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If not stopped, saltwater corrosion on reels will eventually make them inoperable. Gears, handles, drags and bearings will become encrusted with green saltwater corrosion and freeze-up. Although made to be corrosion-resistant, saltwater and freshwater reels are not corrosion-proof and must be maintained properly. All fishing reels, spinning, trolling, casting or conventional, are susceptible to saltwater corrosion in the same way, and when corrosion has set in, the following steps should be taken as soon as possible.
Items you will need
Empty plastic line spool
Spray metal solvent
Large mixing bowl
Distilled white vinegar
Very fine steel wool
Clean, dry towels
Reel oil, silicone spray or grease
Take a fishing reel of any type that may have saltwater corrosion and unspool the fishing line from the reel onto an empty plastic spool.
Use a screwdriver to remove screws from the side-plates on a conventional reel. A spinning reel can be dissembled by unscrewing the drag adjustment knob and sliding out the spool. Remove all major moving parts and spray them with solvent to dissolve any old oil or grease. Wipe clean with a paper towel and lay out the parts in the order you removed them so you will be able to reassemble them again without difficulty.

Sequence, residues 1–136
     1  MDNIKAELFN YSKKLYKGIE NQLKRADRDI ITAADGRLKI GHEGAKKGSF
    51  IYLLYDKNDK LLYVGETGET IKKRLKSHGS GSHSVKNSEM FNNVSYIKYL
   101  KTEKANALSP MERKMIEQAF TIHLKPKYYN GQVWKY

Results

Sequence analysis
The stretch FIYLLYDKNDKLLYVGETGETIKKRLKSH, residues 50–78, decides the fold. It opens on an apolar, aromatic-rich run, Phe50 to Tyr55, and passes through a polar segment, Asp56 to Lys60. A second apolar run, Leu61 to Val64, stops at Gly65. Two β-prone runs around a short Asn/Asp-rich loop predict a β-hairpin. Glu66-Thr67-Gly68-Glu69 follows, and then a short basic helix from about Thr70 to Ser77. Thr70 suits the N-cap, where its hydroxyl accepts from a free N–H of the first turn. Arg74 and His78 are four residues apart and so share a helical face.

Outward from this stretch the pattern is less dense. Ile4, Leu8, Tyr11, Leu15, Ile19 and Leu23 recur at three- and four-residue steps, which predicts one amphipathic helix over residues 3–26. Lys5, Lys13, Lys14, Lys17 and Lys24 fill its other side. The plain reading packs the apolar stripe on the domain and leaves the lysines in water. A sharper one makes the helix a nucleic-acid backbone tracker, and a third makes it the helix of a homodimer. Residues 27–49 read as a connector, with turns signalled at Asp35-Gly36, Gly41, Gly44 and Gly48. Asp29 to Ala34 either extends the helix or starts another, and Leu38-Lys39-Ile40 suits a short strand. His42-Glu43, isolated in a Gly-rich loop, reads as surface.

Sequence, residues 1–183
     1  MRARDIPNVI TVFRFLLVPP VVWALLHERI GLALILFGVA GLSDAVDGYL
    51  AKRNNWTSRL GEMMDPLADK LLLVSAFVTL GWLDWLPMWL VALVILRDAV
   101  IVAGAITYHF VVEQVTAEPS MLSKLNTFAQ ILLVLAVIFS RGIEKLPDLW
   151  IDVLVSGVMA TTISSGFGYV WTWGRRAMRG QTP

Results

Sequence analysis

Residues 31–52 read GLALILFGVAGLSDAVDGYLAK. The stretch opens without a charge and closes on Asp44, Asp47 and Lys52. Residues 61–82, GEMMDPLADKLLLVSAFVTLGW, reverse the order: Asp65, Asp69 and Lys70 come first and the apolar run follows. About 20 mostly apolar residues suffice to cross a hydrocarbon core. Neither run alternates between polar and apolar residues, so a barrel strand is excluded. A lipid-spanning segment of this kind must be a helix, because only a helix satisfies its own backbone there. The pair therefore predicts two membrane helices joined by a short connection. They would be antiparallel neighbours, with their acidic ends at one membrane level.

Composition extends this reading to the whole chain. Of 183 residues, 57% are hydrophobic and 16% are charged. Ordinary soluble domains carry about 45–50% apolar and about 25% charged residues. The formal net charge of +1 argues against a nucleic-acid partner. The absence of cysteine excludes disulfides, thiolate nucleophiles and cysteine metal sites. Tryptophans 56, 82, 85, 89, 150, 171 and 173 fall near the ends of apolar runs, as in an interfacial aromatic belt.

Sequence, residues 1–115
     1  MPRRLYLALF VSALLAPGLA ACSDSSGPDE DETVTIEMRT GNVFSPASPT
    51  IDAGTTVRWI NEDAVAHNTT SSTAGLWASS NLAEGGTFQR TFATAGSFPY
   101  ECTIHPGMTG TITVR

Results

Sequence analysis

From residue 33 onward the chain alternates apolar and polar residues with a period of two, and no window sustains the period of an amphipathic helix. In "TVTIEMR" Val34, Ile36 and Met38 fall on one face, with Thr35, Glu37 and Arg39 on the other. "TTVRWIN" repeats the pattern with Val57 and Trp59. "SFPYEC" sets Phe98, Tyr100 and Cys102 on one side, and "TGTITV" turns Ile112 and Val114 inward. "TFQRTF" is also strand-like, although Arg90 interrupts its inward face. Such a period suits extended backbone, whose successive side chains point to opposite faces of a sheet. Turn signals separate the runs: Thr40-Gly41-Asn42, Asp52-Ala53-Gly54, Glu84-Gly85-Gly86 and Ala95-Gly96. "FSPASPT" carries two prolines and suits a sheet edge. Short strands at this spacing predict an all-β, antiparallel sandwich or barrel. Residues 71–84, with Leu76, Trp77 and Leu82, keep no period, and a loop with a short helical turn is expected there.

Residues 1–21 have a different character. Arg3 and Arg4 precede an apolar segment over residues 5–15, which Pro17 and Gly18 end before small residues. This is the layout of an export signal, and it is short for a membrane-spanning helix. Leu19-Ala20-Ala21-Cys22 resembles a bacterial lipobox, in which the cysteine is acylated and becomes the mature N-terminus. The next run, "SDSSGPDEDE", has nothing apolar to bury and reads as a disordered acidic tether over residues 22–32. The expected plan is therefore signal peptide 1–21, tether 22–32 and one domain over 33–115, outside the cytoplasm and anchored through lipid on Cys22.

Fill a mixing bowl with distilled white vinegar and place all the reel parts in the bowl, making sure they are all submerged in the vinegar. Add about a teaspoon of baking soda to the vinegar and stir until it begins to foam. Let it sit overnight (at least 8 hours) to allow the solution to begin dissolving the corrosion.
Remove the reel parts from the solution and place them on a paper towel. Most of the corrosion on the reel's metal parts should now be softened or dissolved. Any remaining residue can be wiped off with a paper towel or clean cloth. If some corrosion still remains, use very fine steel wool to remove it.
Rinse off the reel parts with fresh water and allow to dry. Apply reel oil or silicone spray to all reel parts to prevent further corrosion. Reassemble the reel.
Practice preventative maintenance by always remembering to wash down a fishing reel with freshwater after every use. For a conventional reel, submerging it in a bucket or bowl of freshwater will prevent saltwater corrosion. A spinning reel can be washed down with a water hose or under a water faucet. Periodically, take all reels apart and apply fresh oil or grease to all moving parts.
Anthony Potenza began writing in 1985 as a publicity and staff writer for 20th Century-Fox Film Corp. He has written a number of articles online, focusing on topics such as food and wine, photography, fly fishing and personal finance. He holds a Bachelor of Arts in English from New York University.